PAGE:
Opinion: Bring the old Bobst 8th floor back

The old configuration of the eighth floor north reading room was unique and inspiring. Put it back.


Natalia Kempthorne-Curiel

Students working in the north-facing study room on the 8th floor of the Bobst Library. (Natalia Kempthorne-Curiel for WSN)

Claudia Yoon, Contributing Writer

Serotonin is actually quite nice, you know? You don’t need to be a neuroscience or psychology major to realize why our bodies need serotonin. It’s our happy hormone.

My serotonin source is nature. And the eighth floor reading room of Bobst Library used to be my perfect fix.

I discovered the fourth and sixth floor silent reading rooms in Bobst last year, and my easily-distractible first-year self could not have been more thankful. They’re giant rooms full of students working, studying, or at least pretending to. Besides the occasional birth control alarm and the brief moment of music from the disconnected AirPod, the room is noiseless — a muted space dedicated purely to your focus.

During my second semester, someone asked a guy in my Elementary Korean class where his favorite spot to study at NYU was. “Bobst eighth floor supremacy,” he said. I was curious. What made the eighth floor so much better? Later that day, I waddled over to Bobst, waited a lifetime and a half for the elevator, strolled in and pressed eight.

Call it an exaggeration, but when I stepped out of the elevator, I was utterly stunned. An aura of deep studying filled the air. I stumbled through the long hallway toward the study room. Before I even went in, I was mesmerized by the view from the magnificent windows: the blue from the sky and the green from the trees of Washington Square Park. As a nature enthusiast, my body overflowed with pure excitement as I scanned the area and noticed that the tables were facing north towards the windows.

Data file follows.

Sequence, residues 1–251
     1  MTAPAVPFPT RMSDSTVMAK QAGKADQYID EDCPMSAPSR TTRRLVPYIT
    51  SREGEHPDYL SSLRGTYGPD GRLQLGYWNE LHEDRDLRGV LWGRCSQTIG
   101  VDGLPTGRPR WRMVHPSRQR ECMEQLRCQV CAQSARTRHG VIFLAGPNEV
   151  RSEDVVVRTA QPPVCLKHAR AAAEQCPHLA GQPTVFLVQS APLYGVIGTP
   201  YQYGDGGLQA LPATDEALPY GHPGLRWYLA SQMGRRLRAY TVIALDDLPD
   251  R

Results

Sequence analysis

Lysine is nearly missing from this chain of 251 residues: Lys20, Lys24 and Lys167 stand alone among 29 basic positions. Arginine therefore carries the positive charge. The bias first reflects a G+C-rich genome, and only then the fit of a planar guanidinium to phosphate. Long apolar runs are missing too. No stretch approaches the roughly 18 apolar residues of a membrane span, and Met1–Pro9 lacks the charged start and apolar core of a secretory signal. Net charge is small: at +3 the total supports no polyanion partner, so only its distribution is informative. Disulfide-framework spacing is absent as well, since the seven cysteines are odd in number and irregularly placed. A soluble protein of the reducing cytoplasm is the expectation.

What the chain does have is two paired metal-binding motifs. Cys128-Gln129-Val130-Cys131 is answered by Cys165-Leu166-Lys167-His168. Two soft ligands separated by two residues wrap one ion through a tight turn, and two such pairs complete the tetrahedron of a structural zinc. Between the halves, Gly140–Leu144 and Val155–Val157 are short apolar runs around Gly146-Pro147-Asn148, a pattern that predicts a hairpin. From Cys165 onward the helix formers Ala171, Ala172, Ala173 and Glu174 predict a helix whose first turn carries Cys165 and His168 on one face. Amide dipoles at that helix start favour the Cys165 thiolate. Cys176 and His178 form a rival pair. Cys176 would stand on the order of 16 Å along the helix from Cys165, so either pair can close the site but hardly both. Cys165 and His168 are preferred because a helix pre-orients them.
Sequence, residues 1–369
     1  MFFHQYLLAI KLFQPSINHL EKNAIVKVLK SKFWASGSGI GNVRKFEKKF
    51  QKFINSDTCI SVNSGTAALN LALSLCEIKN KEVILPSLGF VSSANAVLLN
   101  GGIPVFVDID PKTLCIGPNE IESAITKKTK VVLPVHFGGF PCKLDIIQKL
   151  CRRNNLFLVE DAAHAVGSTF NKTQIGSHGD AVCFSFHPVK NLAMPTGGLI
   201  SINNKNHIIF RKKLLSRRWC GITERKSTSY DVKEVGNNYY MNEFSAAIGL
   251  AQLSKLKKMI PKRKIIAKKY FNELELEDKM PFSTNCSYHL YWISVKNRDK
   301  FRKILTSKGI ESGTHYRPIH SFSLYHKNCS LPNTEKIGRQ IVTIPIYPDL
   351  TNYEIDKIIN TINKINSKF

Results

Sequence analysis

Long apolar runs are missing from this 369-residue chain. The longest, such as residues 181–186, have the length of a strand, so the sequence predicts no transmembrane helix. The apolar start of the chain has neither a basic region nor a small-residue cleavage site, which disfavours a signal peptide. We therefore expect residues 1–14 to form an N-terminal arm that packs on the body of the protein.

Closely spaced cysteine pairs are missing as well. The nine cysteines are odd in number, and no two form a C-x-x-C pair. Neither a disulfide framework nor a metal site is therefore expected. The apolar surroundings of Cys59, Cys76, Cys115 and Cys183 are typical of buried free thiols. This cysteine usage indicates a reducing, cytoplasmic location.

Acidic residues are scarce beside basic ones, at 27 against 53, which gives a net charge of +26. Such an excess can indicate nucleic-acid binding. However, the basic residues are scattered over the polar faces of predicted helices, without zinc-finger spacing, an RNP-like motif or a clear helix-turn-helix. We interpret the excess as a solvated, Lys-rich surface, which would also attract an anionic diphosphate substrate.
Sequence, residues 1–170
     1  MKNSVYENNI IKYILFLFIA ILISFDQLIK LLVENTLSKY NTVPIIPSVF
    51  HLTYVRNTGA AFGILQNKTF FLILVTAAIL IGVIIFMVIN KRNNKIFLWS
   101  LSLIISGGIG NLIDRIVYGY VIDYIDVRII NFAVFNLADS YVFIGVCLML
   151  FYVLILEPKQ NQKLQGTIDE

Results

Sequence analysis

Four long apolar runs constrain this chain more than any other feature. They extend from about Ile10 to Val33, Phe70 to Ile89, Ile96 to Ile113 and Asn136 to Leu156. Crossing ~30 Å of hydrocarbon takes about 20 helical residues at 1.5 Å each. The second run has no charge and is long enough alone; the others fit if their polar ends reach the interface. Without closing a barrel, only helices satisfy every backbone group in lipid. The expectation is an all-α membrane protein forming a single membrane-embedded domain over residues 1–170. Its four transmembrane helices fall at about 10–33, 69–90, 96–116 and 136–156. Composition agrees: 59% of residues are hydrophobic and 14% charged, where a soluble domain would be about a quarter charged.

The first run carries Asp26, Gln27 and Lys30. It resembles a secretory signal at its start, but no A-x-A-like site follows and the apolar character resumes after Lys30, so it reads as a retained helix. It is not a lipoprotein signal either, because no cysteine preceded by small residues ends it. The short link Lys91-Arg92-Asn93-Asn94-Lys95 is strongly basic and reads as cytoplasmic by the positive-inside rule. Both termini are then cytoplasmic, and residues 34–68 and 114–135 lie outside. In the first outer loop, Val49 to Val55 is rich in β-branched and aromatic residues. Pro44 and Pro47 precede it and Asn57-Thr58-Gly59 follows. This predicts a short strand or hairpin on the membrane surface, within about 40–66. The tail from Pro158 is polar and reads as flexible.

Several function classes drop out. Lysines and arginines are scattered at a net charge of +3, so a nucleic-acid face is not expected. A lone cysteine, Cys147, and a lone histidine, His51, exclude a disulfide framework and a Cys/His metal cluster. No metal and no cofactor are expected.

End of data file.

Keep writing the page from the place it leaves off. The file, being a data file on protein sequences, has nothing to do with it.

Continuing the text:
The setup was pristine. It fed my nature addiction while I fed my GPA — the perfect give-and-take.

So I would like to give a personal shoutout to whoever had decided on the layout of the eighth floor in previous years. You have not only aided my ability to actually get work done, but you have given me a gift that nature provides me: serotonin. I thank you, my GPA thanks you and, ultimately, my sanity thanks you.

Through personal observation, I believe that the higher the floors go, the more intense the grind atmosphere becomes. Maybe it’s a placebo or something else, but the energy of the students studying on the eighth floor is different than those on the fourth and sixth floors. The people in that room are the future Goldman Sachs interns and girlbosses of the world. Red Bulls unpacked, Starbucks drinks sipped, AirPods in. Besides the few students whose typing speed corresponds to the Kendrick Lamar they’re listening to, inside the ears of others are classical piano pieces, subliminal focus messages and quintessential lo-fi study beats.

The eighth floor reading room was the place to be if you wanted to be a successful student, until they changed it. The tables no longer face north, but instead extend perpendicular to the windows, mimicking the floors below them. There is a lesser sense of peace and calm than the old layout provided. Instead of looking up from my work to admire the park’s verdant liveliness, I would now look up and meet the eyes of the student across from me. It’s silent. It’s awkward. Nobody likes that.

I want the old eighth floor back. I need it back.

WSN’s Opinion section strives to publish ideas worth discussing. The views presented in the Opinion section are solely the views of the writer. 

Contact Claudia Yoon at [email protected].